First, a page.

The first direct evidence that oxygen was present on Mars has just been made public, a historic announcement in the investigation of the red planet.
A red planet that is called that because its surface is full of iron oxide, which gives it that characteristic reddish color. This is not something new, much less, but what Curiosity has discovered goes much further.
The Institute for Research in Astrophysics and Planetology in Toulouse, France, has been commissioned to announce to the world that they have discovered that 3% of the rocks examined in the Gale sump contain manganese oxide in addition to iron oxide.
On Mars there was oxygen, it is already a truth
Why is it important to find a specific type of oxide? Well, because not all oxide is formed equal; iron rusts easily, but For manganese to do the same, it is necessary that certain conditions exist: an abundance of water, and a highly oxidizing atmosphere.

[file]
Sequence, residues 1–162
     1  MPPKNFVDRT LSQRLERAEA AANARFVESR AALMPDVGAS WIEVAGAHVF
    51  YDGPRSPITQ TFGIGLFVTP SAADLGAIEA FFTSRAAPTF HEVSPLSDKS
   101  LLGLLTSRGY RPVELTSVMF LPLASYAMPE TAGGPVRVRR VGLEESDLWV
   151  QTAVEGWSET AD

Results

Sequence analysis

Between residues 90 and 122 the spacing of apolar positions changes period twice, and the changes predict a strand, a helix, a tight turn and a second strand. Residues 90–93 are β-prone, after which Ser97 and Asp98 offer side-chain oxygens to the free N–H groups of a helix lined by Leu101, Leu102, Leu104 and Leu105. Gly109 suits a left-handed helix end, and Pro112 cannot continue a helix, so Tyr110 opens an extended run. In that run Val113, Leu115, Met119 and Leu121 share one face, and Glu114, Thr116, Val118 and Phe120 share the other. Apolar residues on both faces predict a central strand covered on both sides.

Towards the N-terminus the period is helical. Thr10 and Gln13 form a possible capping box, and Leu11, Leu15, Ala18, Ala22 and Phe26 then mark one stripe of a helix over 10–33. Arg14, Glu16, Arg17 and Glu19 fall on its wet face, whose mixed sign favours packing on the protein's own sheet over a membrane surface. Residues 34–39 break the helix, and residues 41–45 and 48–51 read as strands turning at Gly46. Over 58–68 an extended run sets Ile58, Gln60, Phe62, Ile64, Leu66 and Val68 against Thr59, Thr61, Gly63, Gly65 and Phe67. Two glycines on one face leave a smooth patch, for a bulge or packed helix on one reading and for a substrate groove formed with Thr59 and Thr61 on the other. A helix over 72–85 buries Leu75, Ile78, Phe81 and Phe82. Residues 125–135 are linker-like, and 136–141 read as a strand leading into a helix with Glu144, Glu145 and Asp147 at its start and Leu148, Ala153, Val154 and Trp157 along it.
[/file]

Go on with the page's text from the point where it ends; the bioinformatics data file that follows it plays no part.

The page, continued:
In other words, manganese oxide had to form in the past, when Mars had plenty of water and there was a lot of oxygen in its atmosphere. (Although they have not yet been able to discern when it occurred). In fact, this discovery points to the fact that there was much more oxygen than originally thought.
To obtain this information, the Curiosity rover has used the ChemCam, an instrument that fires a laser at the rocks and analyzes the resulting dust cloud. This result can be considered historical, since it confirms theories that until now had only circumstantial evidence on which to base themselves; instead, this is the most direct and definitive proof that there were indeed high concentrations of oxygen on Mars.
Does that mean that in the past Mars was a perfect crucible for life, thanks to the presence of water and oxygen? Not so fast. Having high concentrations of oxygen is actually a bad thing for primal life, since it can oxidize and break down biological molecules. That there are high concentrations of oxygen on Earth is a consequence of life, not the other way around.
Today, the atmosphere of Mars is 95% carbon dioxide, and contains only trace amounts of oxygen. With this discovery, we are closer to knowing how Mars became the desert planet that it is now.